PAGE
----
First, the handwringing. Solemn, serious soliloquies.

Then comes angst: “This will interfere with our methodical case building process.”

Next up, a discussion of State versus Federal jurisdiction.

Finally, some announcer will — sigh — talk about the local political ramifications of State Attorney Generals.

Overlooked in all of this will be the gradual decay of Federal Enforcement and Prosecutions at nearly every level, and for a bewildering variety of issues and transgressions.

What was once a feared and mighty arm of the government has become a vast bureaucracy overmatched by corporate legal departments. Opponents of enforcement have spent millions of dollars lobbying to have enforcement laws relaxed. Though mostly successful, on the occasions when they would run into trouble on that end, they shifted gears, lobbying successfully to have department budgets cut and headcounts reduced.

They even managed to get their own defense attorneys — i.e., think Harvey Pitt as SEC Chairman — appointed as the head of the watchdog agencies.

Undermanned, underbudgeted and undermotivated, the federal agencies charged with enforcing securities laws, anti-trust laws and fraud prevention have simply been outgunned by the lawyers on the other side.

Of course NY State Attorney General Elliot Spitzer went after the corruption on Wall Street; The SEC, NYSE and NASD all turned a (mostly) blind eye to what was going on, and what is still going on. After all, who wants to interrrupt a rally?

Worldcom (perhaps Worldcon is a better name) was one of the biggest corporate frauds in the history of mankind. Before Oklahoma ran out of patience, indictments for the ringmasters were few and far between. Any first year law student could have figured out how to indict the people behind 12 billion dollars worth of fraudulently reported revenue. What on Earth is taking the Feds so long?

How is it possible that Ken Lay, CEO and creator of the force that was Enron, has yet to be indicted? This was the biggest scam of all times, the ultimate Ponzi scheme. Are we living in some episode of the Twilight zone? It’s simply embarrassing.

They may have to move the trials of both Bernie Ebbers and Ken Lay to new Zealand, because that’s the only place where a conviction is not guaranteed.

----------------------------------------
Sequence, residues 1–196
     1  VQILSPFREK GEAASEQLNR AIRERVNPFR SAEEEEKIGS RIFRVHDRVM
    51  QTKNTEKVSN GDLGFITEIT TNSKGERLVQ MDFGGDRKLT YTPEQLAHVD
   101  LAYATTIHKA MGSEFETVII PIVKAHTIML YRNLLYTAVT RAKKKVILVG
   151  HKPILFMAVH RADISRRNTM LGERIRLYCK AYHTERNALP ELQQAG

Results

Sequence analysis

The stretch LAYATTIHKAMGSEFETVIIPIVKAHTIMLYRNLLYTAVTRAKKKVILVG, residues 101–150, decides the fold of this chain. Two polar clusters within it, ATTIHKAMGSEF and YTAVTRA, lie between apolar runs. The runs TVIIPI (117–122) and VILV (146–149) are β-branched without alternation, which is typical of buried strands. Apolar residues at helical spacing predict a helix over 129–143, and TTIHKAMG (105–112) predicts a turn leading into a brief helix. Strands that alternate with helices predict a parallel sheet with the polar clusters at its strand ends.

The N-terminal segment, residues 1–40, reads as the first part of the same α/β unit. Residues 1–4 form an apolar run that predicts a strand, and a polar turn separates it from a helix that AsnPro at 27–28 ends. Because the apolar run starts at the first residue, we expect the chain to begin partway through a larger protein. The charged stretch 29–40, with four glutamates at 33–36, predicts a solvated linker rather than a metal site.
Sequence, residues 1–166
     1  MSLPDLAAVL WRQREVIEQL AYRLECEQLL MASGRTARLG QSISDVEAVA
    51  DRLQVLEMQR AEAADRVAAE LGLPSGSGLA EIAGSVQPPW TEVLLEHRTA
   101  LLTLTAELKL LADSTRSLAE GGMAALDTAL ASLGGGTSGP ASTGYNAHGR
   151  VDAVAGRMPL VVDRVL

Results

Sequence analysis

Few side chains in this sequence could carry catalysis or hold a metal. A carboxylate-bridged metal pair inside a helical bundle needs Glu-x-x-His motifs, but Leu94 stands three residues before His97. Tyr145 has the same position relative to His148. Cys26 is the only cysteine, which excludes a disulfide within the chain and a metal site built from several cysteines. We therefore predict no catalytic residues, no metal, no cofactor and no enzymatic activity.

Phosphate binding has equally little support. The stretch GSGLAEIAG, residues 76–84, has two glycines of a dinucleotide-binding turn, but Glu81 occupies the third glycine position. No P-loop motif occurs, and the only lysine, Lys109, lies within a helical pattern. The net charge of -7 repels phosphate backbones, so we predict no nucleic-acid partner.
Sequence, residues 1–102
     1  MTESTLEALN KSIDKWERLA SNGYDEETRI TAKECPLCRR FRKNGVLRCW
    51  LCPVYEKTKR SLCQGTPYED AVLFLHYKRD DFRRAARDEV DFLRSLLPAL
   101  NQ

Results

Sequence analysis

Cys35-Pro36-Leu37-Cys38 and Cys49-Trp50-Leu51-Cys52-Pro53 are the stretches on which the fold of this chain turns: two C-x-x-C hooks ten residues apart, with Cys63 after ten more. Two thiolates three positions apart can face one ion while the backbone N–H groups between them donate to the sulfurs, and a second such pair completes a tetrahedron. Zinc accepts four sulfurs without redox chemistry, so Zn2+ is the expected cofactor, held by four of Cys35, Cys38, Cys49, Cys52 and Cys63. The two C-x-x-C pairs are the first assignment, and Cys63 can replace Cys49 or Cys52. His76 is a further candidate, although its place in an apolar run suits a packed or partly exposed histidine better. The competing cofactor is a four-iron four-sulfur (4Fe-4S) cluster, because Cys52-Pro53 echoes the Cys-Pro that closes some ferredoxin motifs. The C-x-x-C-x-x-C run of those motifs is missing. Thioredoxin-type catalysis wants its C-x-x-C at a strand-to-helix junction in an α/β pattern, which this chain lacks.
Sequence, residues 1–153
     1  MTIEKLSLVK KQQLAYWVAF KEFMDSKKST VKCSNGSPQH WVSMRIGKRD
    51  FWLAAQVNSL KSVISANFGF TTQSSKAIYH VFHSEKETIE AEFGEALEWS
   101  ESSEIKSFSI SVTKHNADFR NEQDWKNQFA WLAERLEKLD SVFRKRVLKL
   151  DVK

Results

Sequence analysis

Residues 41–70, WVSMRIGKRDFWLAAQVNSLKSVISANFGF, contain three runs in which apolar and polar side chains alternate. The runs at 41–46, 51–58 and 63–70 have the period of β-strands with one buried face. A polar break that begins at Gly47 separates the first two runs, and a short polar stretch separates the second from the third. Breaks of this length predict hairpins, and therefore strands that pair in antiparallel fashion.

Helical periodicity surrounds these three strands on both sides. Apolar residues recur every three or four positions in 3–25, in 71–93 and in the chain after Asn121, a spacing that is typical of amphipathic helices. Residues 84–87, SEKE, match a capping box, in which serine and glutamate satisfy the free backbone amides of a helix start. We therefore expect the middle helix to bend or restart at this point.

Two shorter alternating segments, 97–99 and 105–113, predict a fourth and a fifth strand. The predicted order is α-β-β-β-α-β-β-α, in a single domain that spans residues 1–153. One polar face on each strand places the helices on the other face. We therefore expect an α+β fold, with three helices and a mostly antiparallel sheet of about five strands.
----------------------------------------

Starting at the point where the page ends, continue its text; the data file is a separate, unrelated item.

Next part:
Of course, that’s if they ever get indicted . . .

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Update:
There’s legal, and then there’s shady: A new report, titled “Executive Excess” details the specific CEOs personally had the greeatest profits from layoffs, pension shortfalls, and tax dodges:

CEOs at companies with the largest layoffs, most underfunded pensions and biggest tax breaks were rewarded with bigger paychecks, according to a new report, “Executive Excess 2003: CEOs Win, Workers and Taxpayers Lose.”

Median CEO pay skyrocketed 44 percent from 2001 to 2002 at the 50 companies with the most announced layoffs in 2001, while overall CEO pay rose only 6 percent. These layoff leaders had median compensation of $5.1 million in 2002, compared with $3.7 million at the 365 large corporations surveyed by Business Week.

You can download the PDF “Executive Excess” Report here.

Pointer courtesy of Dave Callaway

Category: Current Affairs

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3 Responses to “Why the States are embarrassing the Feds”

  1. nyc99 says:

    Why the States are embarrassing the Feds

    Overlooked in all of this will be the gradual decay of Federal Enforcement and Prosecutions at nearly every level, and for a bewildering variety of issues and transgressions. What was once a feared and mighty arm of the government has…

  2. Rob says:

    I hate that some people use a few bad examples, like those in the report, and assume that all business people are evil.

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